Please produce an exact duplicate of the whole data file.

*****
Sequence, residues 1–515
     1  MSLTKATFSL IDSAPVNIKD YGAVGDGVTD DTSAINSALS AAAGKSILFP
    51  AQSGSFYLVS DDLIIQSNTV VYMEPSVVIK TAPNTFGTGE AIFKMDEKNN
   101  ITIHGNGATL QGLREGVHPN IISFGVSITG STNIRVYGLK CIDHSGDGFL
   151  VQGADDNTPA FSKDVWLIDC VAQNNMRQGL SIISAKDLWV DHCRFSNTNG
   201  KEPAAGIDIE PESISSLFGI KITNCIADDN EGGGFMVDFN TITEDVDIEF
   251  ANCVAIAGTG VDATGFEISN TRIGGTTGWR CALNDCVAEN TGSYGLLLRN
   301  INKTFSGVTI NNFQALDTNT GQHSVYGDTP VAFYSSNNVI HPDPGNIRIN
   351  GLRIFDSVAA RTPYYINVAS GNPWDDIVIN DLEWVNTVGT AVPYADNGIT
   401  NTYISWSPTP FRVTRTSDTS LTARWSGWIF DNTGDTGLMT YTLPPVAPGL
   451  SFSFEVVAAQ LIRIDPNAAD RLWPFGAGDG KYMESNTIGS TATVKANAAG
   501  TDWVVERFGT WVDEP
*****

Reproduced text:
Sequence, residues 1–515
     1  MSLTKATFSL IDSAPVNIKD YGAVGDGVTD DTSAINSALS AAAGKSILFP
    51  AQSGSFYLVS DDLIIQSNTV VYMEPSVVIK TAPNTFGTGE AIFKMDEKNN
   101  ITIHGNGATL QGLREGVHPN IISFGVSITG STNIRVYGLK CIDHSGDGFL
   151  VQGADDNTPA FSKDVWLIDC VAQNNMRQGL SIISAKDLWV DHCRFSNTNG
   201  KEPAAGIDIE PESISSLFGI KITNCIADDN EGGGFMVDFN TITEDVDIEF
   251  ANCVAIAGTG VDATGFEISN TRIGGTTGWR CALNDCVAEN TGSYGLLLRN
   301  INKTFSGVTI NNFQALDTNT GQHSVYGDTP VAFYSSNNVI HPDPGNIRIN
   351  GLRIFDSVAA RTPYYINVAS GNPWDDIVIN DLEWVNTVGT AVPYADNGIT
   401  NTYISWSPTP FRVTRTSDTS LTARWSGWIF DNTGDTGLMT YTLPPVAPGL
   451  SFSFEVVAAQ LIRIDPNAAD RLWPFGAGDG KYMESNTIGS TATVKANAAG
   501  TDWVVERFGT WVDEP